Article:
WEST PALM BEACH, Fla. - (Mealey's) A Florida jury on Aug. 19 handed a smoker's widow $270,000 in punitive damages, two weeks after awarding her a net $2.2 million compensatory award; the amount of punitive damages is far less even than that suggested by the tobacco company defendants (Margaret E. Piendle v. R.J. Reynolds Tobacco Co., No. 2008-CA-038777, Fla. Cir., 15th Jud. Cir., Palm Beach Co.).
Charles Piendle began smoking Lucky Strike brand cigarettes in the late 1950s and continued smoking for about 30 years before finally quitting in 1989; he died from small-cell lung cancer seven years later. His widow, Margaret Piendle, sued R.J. Reynolds Tobacco Co. (RJR), Philip Morris USA Inc. and other cigarette manufacturers in the 15th Judicial Circuit Court for Palm Beach County as a former member of the class in Engle v. Liggett Group, Inc. (945 So.2d 1246 [Fla. Sup. 2006], cert denied, 128 S.Ct. 96 ) that was broken up by the Florida Supreme Court in 2006.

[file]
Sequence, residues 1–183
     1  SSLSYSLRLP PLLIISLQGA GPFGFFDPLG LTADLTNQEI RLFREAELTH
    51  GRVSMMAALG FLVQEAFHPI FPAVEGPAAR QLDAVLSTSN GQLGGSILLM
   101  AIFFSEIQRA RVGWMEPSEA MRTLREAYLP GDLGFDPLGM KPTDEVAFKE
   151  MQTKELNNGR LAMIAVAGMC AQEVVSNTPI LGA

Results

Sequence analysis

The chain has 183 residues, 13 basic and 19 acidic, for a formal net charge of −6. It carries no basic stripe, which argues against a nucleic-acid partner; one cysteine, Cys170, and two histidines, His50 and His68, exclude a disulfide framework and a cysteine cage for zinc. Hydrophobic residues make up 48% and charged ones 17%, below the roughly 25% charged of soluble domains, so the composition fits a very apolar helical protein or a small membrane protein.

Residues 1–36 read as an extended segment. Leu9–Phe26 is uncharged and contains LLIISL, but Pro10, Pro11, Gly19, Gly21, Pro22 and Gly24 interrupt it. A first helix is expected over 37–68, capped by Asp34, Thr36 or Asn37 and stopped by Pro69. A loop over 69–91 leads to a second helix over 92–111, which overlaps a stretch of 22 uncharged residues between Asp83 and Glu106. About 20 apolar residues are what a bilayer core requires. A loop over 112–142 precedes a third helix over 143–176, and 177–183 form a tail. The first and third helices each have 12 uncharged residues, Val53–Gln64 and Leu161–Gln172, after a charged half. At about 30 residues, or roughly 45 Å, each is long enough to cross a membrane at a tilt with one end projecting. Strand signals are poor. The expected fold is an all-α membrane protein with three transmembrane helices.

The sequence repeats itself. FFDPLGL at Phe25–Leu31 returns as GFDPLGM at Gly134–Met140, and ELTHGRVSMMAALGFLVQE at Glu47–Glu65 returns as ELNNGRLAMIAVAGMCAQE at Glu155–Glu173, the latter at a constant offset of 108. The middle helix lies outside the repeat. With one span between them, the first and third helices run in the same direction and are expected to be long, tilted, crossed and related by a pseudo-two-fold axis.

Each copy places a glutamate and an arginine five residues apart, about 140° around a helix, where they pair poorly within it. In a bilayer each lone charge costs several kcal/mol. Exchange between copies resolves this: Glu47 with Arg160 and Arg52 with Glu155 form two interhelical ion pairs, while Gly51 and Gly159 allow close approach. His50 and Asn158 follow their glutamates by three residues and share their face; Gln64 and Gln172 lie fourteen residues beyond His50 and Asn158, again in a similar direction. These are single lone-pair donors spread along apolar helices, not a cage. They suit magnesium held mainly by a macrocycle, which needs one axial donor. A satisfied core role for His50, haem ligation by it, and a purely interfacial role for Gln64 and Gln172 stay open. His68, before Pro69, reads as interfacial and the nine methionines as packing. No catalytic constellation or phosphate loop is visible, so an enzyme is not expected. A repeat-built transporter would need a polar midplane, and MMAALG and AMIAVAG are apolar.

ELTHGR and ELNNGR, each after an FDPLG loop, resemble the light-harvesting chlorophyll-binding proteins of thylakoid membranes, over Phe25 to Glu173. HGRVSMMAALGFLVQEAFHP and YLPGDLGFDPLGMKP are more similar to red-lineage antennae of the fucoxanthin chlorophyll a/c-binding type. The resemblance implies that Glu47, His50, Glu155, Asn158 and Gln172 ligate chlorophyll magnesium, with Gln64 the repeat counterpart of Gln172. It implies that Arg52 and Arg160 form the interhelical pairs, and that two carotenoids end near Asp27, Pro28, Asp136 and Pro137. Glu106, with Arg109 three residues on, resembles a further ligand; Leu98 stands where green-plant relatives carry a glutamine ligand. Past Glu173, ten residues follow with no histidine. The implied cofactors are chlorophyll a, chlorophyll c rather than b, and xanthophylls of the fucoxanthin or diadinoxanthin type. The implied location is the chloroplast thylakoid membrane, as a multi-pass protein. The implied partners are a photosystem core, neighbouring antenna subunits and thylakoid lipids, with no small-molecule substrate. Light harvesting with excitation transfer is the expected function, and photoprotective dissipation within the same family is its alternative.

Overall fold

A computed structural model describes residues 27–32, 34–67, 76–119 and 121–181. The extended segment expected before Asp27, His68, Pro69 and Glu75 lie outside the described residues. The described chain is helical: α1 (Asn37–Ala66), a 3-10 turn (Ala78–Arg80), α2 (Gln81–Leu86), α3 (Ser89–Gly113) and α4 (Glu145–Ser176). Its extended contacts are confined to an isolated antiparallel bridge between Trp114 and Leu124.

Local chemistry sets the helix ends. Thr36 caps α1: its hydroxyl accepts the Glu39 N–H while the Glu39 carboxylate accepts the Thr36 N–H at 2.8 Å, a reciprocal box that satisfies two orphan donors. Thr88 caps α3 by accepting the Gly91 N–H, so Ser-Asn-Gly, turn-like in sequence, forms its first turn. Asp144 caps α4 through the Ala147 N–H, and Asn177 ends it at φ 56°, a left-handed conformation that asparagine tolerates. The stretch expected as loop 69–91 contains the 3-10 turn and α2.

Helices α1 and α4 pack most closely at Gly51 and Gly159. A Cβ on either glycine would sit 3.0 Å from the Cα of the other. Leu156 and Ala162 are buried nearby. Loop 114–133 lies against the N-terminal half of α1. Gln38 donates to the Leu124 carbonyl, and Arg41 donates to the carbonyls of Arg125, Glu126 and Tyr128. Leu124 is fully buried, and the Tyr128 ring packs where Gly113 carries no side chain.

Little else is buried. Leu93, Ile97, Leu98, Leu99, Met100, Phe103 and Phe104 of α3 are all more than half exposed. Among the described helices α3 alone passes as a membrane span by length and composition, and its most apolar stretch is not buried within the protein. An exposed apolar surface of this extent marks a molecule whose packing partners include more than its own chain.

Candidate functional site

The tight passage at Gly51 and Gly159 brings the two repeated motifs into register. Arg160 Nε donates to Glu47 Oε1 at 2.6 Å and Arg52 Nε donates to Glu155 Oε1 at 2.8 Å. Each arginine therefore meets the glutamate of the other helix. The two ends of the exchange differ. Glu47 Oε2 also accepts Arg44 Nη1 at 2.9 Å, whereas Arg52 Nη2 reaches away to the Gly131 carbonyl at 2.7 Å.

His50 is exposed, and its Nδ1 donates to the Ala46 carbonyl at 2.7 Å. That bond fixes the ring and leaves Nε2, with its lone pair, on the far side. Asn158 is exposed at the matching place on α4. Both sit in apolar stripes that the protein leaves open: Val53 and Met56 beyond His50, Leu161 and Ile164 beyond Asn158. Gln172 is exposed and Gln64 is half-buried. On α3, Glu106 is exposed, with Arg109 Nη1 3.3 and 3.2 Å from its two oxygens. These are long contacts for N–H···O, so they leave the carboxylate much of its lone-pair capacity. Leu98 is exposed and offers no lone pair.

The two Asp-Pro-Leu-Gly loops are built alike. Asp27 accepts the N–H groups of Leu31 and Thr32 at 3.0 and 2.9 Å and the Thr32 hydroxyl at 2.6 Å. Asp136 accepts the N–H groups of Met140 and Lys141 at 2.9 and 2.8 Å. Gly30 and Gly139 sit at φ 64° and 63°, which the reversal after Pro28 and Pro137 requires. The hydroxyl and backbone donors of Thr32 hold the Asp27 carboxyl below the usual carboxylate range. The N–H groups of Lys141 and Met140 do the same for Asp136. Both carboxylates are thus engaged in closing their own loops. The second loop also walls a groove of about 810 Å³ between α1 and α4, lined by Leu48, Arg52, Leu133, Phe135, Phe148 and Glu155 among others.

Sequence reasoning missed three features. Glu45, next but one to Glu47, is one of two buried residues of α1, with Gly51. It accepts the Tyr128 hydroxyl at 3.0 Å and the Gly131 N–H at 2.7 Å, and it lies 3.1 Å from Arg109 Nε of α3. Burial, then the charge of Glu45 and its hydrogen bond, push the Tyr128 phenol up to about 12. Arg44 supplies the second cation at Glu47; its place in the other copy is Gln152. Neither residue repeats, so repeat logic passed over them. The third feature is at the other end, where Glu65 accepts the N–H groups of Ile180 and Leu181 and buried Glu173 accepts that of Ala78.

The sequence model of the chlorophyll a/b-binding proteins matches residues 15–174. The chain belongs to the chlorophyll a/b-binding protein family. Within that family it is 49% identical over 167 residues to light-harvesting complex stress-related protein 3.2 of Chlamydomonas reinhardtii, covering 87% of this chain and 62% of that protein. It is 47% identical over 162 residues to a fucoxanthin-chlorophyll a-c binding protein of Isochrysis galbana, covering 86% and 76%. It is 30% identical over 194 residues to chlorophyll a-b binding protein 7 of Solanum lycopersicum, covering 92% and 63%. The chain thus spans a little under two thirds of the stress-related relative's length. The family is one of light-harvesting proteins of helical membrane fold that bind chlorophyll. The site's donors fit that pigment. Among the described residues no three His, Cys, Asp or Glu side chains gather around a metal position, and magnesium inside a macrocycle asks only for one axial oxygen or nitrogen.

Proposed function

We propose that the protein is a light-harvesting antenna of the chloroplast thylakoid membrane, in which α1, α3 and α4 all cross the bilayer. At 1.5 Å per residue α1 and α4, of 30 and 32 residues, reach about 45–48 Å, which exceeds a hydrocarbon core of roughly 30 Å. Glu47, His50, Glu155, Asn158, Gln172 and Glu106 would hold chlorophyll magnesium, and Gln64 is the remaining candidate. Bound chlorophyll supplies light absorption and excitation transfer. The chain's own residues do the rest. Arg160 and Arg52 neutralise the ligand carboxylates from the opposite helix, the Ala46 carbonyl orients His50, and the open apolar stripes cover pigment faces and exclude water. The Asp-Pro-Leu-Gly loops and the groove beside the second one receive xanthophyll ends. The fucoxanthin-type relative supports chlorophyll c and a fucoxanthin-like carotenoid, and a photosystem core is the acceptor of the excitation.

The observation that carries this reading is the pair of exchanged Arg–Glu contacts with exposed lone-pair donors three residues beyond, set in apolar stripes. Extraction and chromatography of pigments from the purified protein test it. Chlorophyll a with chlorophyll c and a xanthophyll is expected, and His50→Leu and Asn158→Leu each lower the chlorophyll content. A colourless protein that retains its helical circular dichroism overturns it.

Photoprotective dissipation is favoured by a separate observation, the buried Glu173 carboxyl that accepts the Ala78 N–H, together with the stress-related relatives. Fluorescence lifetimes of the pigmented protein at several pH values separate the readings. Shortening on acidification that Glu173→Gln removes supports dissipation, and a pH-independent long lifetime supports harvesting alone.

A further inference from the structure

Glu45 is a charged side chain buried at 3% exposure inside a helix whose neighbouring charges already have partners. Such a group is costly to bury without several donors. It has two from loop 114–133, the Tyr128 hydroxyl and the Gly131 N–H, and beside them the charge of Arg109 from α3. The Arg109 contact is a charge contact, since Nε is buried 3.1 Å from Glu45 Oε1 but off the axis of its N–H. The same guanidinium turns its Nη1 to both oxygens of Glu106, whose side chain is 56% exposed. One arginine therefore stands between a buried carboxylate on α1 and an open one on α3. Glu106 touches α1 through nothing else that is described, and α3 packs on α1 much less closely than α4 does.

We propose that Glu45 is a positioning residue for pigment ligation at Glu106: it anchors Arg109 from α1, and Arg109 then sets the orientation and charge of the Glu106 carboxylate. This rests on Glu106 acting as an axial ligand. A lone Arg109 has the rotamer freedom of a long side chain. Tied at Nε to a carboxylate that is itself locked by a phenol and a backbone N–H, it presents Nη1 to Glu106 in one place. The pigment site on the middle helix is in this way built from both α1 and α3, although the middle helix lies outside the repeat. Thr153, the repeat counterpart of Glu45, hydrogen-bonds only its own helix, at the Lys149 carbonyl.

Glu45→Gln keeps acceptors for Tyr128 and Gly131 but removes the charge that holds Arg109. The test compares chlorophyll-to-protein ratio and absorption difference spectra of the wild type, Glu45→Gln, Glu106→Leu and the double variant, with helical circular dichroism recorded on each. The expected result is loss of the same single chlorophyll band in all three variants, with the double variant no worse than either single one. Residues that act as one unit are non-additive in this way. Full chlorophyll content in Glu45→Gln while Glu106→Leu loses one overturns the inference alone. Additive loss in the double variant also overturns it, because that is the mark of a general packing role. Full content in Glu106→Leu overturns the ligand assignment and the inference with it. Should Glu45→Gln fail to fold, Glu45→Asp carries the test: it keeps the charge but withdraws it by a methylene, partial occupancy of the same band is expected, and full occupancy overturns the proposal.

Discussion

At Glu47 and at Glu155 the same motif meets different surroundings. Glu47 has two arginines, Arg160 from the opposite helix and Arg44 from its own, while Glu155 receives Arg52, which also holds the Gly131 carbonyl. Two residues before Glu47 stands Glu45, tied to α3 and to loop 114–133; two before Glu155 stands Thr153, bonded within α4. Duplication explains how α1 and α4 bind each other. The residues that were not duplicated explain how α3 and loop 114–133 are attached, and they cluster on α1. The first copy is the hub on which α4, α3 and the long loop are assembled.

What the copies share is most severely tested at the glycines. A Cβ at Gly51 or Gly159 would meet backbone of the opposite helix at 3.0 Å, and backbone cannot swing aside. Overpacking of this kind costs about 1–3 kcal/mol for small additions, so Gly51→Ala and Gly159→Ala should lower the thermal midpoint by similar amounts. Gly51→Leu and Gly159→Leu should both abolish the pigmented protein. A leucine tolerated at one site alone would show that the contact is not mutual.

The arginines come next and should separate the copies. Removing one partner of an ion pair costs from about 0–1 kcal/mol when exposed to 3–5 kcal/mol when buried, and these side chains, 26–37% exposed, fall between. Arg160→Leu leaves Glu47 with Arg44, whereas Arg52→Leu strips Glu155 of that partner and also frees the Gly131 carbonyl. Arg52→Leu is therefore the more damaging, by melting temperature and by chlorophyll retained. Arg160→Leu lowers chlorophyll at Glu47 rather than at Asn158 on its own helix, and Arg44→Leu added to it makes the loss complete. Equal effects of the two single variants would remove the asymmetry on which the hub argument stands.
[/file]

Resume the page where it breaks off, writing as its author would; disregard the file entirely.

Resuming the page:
Piendle's strict liability, fraud by concealment, conspiracy to commit fraud by concealment and negligence claims against all but RJR and Philip Morris were resolved before trial, which proceeded against the two companies. RJR and Philip Morris argued that the decedent was not addicted to cigarettes and could have quit at any time.
Phase I of the trial before Judge Robin Rosenberg concluded Aug. 6 with the six-member jury awarding Piendle $4 million in compensatory damages. The jury found that the decedent's addiction to cigarettes was the legal cause of his death but apportioned 45 percent of the fault to the decedent and 27.5 percent each to RJR and Philip Morris; because of the apportionment of fault, the damages awarded to Piendle will be reduced to approximately $2.2 million.
The trial proceeded to the punitive damages phase on Aug. 16 before the same jury. After three days of testimony and closing arguments, the jury deliberated for about a full day before returning a verdict of just $270,000 - $180,000 against RJR and $90,000 against Philip Morris.
Not only is the amount several orders of magnitude below the damages asked for by Piendle, who had floated numbers in the neighborhood of $60 million, but it is also far less than the $900,000 suggested by the defendants as an alternative to no award at all.
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